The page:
The tracing plan of action also deals with the restoration of family links in general. To this end, the ICRC is distributing pre-printed Red Cross messages for newly displaced people in Rwanda, allowing them to inform relatives that they are safe and will be in touch once settled. Preparations for tracing activities are underway in Butare in case of a sudden influx of refugees from Bukavu.
Tracing activities in eastern Zaire are hampered by lack of access. Prior to the recent population movements of Rwandan refugees and Zairian displaced people, some 2,000 children were awaiting reunification with their families. This number is sure to have increased dramatically over the past week.
ICRC delegates are still gathering information on protection-related issues in and around Goma town.
The sick and vulnerable picked up from among the stream of returnees are taken to hospitals in Nkamira and Mukamira. An ICRC medical delegate has been assessing the health situation in several communes. Dispensaries and health centres are receiving medical supplies but shortages of rehydration solution persist in all centres visited by the ICRC.
On Wednesday the ICRC provided medical supplies for a small dispensary set up by nuns in Mugunga camp, eastern Zaire, for victims of the conflict. An ICRC surgeon completed his preliminary survey of the medical situation in Goma. Given the potential for conflict in the Goma area, the ICRC will continue to support the existing three hospitals in Goma with staff, equipment and medicines. Although there is no emergency situation in the hospitals at present, there are many cases of diarrhoea, dehydration and exhaustion.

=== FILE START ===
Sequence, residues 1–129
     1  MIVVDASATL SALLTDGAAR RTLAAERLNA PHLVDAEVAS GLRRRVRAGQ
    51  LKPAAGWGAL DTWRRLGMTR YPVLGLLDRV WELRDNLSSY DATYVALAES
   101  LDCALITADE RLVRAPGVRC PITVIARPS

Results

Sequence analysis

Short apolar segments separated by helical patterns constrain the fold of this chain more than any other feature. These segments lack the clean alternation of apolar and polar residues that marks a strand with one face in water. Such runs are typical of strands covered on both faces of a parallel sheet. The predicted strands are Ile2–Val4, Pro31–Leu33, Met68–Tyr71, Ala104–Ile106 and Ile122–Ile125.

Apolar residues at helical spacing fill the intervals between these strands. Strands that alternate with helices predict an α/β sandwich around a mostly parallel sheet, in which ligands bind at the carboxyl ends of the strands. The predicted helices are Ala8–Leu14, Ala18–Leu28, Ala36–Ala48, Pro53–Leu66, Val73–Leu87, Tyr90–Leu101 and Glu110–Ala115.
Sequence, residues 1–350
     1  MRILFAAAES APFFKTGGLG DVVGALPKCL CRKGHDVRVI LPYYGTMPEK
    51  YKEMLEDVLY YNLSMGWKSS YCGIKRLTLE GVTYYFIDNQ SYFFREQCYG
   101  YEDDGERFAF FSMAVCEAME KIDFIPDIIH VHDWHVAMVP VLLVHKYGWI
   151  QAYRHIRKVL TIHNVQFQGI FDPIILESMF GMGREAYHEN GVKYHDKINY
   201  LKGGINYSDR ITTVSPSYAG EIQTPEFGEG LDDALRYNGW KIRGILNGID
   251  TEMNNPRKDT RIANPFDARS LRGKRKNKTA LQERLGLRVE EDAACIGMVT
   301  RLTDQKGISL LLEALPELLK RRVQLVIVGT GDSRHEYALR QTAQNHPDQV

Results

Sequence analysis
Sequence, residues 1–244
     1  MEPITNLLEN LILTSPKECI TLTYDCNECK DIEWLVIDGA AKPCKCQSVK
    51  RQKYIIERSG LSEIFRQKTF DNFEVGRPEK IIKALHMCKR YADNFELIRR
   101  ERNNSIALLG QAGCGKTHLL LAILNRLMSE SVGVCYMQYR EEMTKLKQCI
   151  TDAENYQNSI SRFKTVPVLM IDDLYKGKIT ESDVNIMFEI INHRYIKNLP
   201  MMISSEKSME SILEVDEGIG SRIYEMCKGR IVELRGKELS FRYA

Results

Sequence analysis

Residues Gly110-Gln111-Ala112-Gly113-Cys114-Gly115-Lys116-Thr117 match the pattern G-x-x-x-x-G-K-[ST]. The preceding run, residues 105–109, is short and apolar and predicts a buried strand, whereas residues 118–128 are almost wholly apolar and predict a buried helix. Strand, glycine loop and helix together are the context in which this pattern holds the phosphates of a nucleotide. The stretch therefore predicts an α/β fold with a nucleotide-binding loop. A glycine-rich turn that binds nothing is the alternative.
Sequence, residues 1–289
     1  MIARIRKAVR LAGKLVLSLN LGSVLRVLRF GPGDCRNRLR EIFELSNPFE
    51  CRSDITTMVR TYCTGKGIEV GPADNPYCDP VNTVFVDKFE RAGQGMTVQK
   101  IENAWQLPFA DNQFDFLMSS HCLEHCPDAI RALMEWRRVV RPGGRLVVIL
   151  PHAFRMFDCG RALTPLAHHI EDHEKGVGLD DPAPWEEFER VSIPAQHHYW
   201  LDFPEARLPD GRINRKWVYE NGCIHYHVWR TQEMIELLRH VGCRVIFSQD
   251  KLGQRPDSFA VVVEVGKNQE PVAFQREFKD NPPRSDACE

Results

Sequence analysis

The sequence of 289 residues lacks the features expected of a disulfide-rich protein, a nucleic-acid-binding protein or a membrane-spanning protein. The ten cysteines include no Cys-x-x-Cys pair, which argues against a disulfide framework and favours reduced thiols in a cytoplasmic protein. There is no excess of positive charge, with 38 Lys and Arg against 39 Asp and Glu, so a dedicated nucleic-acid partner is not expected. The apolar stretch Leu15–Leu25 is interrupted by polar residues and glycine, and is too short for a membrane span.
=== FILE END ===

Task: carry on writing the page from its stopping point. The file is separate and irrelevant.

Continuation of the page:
Zairian Red Cross volunteers are picking up the wounded, sick and dead and taking them to Goma hospital. The ICRCs attempt to reach Rutshuru hospital was unsuccessful.
Water and sanitation
To alleviate the desperate water situation in Mugunga camp, two 10,000-litre water bladders have been installed. Two generators and spare parts needed to restore the water supply in Goma have arrived in the town. To secure a provisional water supply at the hospitals in Goma, the ICRC has installed bladders.